Q&A: Snowboarder Travis Rice brings The Art of Flight to Ellie Caulkins Opera House
The most-hyped snowboard film of the season gets its Colorado premiere with a sold-out show at the Ellie Caulkins Opera House tonight at 8 p.m., when snowboarder Travis Rice and Brain Farm Digital Cinema director Curt Morgan bring The Art of Flight to town (there are still tickets available for the Boulder Theatre shows tomorrow at 6:30 p.m. and 9:30 p.m., and for the Wheeler Opera House show in Aspen on Friday).
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We caught up with Rice to find out what sets his film apart from all the other snow porn we've been overdosing on this month.
Westword: I saw your previous film That's It, That's All at the Ellie Caulkins Opera House in Denver and the place just erupted with every big moment, so I can't wait to see The Art of Flight in that same space. What does it mean to you to be creating snowboard films worthy of venues like New York's Beacon Theater and the Ellie Caulkins Opera House here in Denver?
Travis Rice: It's badass! It's really an honor to be able to crank it up, blast our music, and know that we're showing snowboard films in places more accustomed to hosting operas and stuff. We're making these films knowing that we'll be bringing them to first-class venues and playing to huge sold-out crowds of core snowboarders, so we're always going to be trying to bring a worthy show.
Was there anything specific that you and Curt set out to accomplish for The Art of Flight once the previous film was in the can?
We gave everything we had to That's It, That's All and made it into one of the major film tours of its time, but it still was more or less our maiden voyage. We learned so much making that project, but so much of it was just off-the-cuff running and gunning on the fly, doing what we could with what we had. We took a year off in preparation for our next project and we went into it with much more focus, and I think the goal was really just to outdo ourselves in every possible way.
What was the craziest, most over-the-top moment while you were working on The Art of Flight?
That's a tough question, because there were so many of those moments. A few trips really stuck out: We went on a trip to Alaska that was, for sure, was the best trip I've ever been on in ten years of going up there, because the conditions were just amazing. We had such a great crew with our noses to the grindstone for a month, out in snow that was as deep as you can possibly get. But what really made the film for me was the juxtaposition of all the different trips together: We also spent three months in Chile and Patagonia and got totally shut down. Conditions were pretty terrible, with one of the worst winters in history, but we still made the best we could out of it and ended up going on this crazy trip down to Southern Patagonia looking for snow. For us the snow makes all the difference, because so much of our film is based around trying to ride the best terrain in the best conditions with the best light.
There are a lot of pretty awesome snowboard movies out there these days, but visually the films you're making are in a class of their own. Besides all the high-tech camera gear and helicopters you're using, what's the driving vision behind these films?
That's one of our big things: It's one thing to go out there and shoot the stuff, but it's another to do it in proper conditions with proper light so that you're showing the world the very best snowboarding there is, in the very best light, so to speak. The sun might only be on something for an hour, so we might go spend an entire day getting ready for that one hour of sun. We rely heavily on snow conditions and it made it so we really couldn't plan out much of our trip: We had to roll with the punches, because you never know what you're going to get.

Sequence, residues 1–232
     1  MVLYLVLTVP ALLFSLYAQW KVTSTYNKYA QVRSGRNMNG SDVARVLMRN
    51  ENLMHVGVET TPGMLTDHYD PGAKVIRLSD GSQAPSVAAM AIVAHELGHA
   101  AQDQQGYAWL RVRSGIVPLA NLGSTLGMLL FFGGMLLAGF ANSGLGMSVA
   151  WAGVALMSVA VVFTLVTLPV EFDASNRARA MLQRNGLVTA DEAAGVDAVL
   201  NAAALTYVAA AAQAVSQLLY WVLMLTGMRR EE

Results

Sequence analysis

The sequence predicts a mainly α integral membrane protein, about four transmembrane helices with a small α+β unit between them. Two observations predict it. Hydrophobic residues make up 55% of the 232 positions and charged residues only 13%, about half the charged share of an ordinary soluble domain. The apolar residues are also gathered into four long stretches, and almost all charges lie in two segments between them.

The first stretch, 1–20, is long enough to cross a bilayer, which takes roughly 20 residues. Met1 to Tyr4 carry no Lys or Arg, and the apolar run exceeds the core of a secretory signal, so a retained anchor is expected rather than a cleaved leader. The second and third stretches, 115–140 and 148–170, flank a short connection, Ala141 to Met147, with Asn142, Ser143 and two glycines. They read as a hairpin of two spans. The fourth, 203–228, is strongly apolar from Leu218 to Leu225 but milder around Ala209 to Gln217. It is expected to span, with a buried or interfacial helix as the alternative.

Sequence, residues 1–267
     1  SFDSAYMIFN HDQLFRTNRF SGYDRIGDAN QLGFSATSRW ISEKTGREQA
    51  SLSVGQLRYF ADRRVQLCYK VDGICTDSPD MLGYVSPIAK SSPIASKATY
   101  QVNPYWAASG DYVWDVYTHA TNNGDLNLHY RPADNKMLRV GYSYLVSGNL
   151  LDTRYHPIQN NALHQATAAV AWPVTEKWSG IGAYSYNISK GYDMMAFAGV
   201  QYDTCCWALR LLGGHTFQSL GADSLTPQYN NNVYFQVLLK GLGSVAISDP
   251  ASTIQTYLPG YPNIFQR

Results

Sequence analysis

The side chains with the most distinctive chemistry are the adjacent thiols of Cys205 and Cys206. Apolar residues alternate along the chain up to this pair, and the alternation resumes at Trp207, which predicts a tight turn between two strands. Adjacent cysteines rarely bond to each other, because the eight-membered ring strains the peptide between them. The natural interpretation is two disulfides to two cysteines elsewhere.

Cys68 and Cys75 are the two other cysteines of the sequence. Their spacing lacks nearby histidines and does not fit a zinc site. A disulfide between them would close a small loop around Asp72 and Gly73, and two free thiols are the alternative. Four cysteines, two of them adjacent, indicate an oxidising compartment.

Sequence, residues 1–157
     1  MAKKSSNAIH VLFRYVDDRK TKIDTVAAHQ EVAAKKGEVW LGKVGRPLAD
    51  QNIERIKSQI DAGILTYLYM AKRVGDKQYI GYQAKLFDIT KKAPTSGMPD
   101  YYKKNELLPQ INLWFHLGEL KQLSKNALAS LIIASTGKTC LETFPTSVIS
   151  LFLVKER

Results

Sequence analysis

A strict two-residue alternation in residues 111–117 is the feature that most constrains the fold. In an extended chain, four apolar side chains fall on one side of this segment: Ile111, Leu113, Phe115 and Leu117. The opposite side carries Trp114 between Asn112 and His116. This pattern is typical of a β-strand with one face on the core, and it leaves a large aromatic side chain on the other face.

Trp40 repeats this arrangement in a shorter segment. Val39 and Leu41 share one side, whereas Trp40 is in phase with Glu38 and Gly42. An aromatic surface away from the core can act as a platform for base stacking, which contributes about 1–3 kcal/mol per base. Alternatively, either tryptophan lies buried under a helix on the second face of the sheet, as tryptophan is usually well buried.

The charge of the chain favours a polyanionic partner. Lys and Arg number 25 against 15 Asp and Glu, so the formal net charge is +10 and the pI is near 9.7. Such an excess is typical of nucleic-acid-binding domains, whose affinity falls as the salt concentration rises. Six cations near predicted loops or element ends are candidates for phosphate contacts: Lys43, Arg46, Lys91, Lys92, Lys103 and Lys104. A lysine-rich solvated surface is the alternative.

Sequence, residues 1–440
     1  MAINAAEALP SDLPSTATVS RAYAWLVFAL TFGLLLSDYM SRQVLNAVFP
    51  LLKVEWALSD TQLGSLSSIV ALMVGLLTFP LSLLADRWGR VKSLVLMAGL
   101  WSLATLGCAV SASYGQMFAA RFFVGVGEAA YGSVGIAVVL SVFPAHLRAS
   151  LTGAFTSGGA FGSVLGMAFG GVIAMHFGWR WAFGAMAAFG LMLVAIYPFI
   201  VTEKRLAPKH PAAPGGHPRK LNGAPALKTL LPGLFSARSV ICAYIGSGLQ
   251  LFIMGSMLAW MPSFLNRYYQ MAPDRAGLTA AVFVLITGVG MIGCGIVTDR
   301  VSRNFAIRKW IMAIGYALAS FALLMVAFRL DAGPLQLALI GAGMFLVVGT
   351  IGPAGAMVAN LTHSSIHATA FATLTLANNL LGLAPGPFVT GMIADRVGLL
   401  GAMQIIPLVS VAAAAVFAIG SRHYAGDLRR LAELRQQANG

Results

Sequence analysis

There's been a lot hype around the star-studded world premiere in New York, but I know the Denver event is also going to be huge, and I see on the website that a lot of the stops on the tour have been selling out, so it's not like the momentum ran out after the world premiere. What do you like about bringing these films on tour?
If anything, it almost begins to accumulate and build as it goes on. Denver was straight-up my favorite premiere spot out of our whole tour for That's It, That's All. We have a lot of friends in Colorado, and I can't wait to go back to Ellie Caulkins. Colorado crowds are insane.
I know you've been doing a lot of media interviews and answering a lot of questions about the film. Is there anything people haven't been asking about that you'd like to talk about?
You'd think the real story of making a film like this would be the actual snowboarding, and going out and filming around the world. But that's just the first step, and I've come to appreciate the next steps of putting it all together just as much, when the real filmmaking 2.0 process comes in. We ended up with something like 2,700 hours of amazing footage for this film, and you wouldn't believe how much work it is to get a good edit together. The edit is everything: The sound design, the graphics package, the soundtrack, the whole deal. Curt Morgan, the director, ended up taking this film down to the Skywalker Ranch and Lucas Arts ended up doing the final sound mix on the film, so it's as good as it could possibly be, straight up, as good as it could be. I also put a lot of work this summer into the photo book that comes with the deluxe version of the DVD and Blu-Ray, and I almost like the book as much as the film itself. It's a beautiful coffee table book, and I'm partial to it because I worked my ass off on it. When you look at both the film and the book together it's really a testament to everything we accomplished.
What are you looking forward to this season?
Starting from scratch on the next film and seeing if we can take everything we've learned and outdo ourselves once again.